Personal Media in Public Frameworks
Publication: Nov 10
Publication: Nov 10
6 x 9
4 figs., 31 halftones
Whither the life of online images?Read the Introduction (pdf).
In this probing study, Eric Freedman focuses on what images from photography, mobile communications, and the Internet reveal about looking. Exploring subjectivity by critically examining the look, he elaborates on the nature of the photographic frame and its relation to interpretive practices. Freedman scrutinizes what he calls “technobiography”—a life written through technology, and considers the movement of personal images into public spaces. He considers how we, as autobiographical agents, are simultaneously engaged with and inscribed by information technology. All of the chapters in Transient Images explore Freedman’s interest in examining how media technologies activate particular notions of self and community. He provides examples that address trauma—pictures of missing children on milk cartons and episodes of the reality series Intervention—as well as the strategies behind creating and distributing personal advertisements on the Internet. Transient Images draws out the tensions that exist in images circulating in the digital era.
"Freedman's category of 'life technobiographic' or 'technobiography' is an innovation in understanding how the image has corresponded with societal reevaluations from the simpler time of 'Kodak as you go' to the current crush of reality television and YouTube. Summing Up: Highly recommended." — Choice
"Freedman's elegant new book…Transient Images is lyrically written, meditative, and palpably intelligent.... Freedman attends carefully to the precise desires, pleasures, and risks that unfold in each example. The work is enriched by its strategic selection of a broad range of everyday cultural artifacts and practices, as well as by a richly interdisciplinary methodology.... Significantly, the book offers a fresh take on thinking through the privileged role that networked and digital images play in relation to trauma.... Freedman has provided us with a lively new methodology for understanding our images and our selves in an era of transience." — Cinema Journal
"Transient Images is a beautifully written meditation on the public life of portraiture across the myriad technologies, platforms, and formats that constitute contemporary visual culture. It takes us on a tour through diverse sites of personal imaging and biographical narrative, from milk carton images of missing children to therapeutic reality TV shows like Intervention, changing the way we look in the process. An erudite theorist, an authoritative researcher, and a writer blessed with a mordant wit, Freedman uncovers the poetry and pain that linger in those areas of today’s image world where we are often afraid to look." —Anna McCarthy, author of The Citizen Machine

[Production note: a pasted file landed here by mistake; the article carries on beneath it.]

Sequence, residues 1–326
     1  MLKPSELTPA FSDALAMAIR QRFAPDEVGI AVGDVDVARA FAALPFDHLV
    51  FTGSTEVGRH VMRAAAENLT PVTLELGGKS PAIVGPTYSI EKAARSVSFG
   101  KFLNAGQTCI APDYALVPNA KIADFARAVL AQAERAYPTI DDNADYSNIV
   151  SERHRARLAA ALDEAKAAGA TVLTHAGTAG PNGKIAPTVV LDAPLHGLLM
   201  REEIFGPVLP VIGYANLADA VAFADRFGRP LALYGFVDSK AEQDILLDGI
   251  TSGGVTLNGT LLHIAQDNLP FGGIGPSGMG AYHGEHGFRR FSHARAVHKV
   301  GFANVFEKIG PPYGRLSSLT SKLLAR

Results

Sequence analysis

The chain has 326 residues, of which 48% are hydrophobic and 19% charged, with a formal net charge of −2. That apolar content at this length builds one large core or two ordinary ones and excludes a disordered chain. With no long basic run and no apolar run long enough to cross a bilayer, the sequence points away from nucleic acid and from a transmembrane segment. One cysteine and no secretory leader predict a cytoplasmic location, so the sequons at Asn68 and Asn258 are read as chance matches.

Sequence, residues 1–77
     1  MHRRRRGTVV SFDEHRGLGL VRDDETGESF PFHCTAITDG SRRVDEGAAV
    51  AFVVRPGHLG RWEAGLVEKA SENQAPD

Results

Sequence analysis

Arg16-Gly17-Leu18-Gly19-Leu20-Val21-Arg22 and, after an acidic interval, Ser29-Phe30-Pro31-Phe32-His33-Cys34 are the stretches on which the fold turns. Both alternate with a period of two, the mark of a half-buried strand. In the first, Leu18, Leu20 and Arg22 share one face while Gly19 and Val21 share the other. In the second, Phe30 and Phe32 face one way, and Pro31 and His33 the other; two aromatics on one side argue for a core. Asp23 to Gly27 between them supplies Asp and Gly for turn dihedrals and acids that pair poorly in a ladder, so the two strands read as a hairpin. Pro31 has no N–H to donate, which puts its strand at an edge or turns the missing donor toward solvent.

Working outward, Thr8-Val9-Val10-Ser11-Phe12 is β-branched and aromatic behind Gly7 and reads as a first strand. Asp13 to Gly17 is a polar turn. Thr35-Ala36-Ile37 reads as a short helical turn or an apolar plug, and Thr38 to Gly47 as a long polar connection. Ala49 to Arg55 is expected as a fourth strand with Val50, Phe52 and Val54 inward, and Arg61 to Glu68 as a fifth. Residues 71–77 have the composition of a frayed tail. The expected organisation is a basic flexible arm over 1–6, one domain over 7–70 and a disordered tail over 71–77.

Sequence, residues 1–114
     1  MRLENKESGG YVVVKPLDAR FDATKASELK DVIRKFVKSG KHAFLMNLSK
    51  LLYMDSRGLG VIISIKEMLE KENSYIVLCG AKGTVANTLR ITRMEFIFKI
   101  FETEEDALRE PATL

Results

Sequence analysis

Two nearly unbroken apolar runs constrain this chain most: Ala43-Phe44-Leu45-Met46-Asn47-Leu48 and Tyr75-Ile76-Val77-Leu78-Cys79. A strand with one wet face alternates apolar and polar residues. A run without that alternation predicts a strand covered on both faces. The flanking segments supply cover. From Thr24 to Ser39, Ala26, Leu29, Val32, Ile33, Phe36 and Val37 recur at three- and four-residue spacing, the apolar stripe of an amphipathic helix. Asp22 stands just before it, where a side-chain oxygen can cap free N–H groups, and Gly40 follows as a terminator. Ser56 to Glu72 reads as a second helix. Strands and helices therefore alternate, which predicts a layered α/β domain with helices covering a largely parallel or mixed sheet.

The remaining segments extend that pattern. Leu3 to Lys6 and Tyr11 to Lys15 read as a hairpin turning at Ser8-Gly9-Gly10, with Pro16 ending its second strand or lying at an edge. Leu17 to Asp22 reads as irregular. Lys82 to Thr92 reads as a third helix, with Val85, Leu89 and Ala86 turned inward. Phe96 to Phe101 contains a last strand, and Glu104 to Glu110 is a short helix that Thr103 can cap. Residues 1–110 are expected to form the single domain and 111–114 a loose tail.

"The whole world seems to have become one huge slide night, as the means of communication shift from professionals to amateurs. How can we make sense of the personalization of public imagery, as private imagery goes public? Eric Freedman is our excellent guide via Transient Images , a well-written, fascinating series of investigations into Middle America's love of representing itself." —Toby Miller, author of Makeover Nation
"Transient Images is an original and imaginative manuscript which brings together seemingly diverse phenomena—from images of missing children on milk cartons to those of traumatic events taken by mobile phone cameras. It is well-researched and beautifully written, with creative use of primary sources. The chapters on cyberdating and social networks are especially strong. Freedman’s nuanced position on digital culture is a welcome corrective to both overly utopian and dystopian discourses on new media technology. His conclusions are grounded in the concrete reading and textual analysis of the case studies." —Diane Waldman, Associate Professor in the Department of Media, Film, and Journalism Studies at the University of Denver, and co-editor (with Janet Walker) of Feminism and Documentary
Table of Contents
Acknowledgments Introduction: Picturetown, USA 1 “Have You Seen This Child?” From Milk Carton to Mise en Abyme 2 Private Photos/Public Traumas: National Memories and Moving Images 3 Trauma and the Cellular Imaginary 4 Intervention and the Kodak Moment 5 The Architectures of Cyberdating 6 The Social Fabric of Images Bibliography Index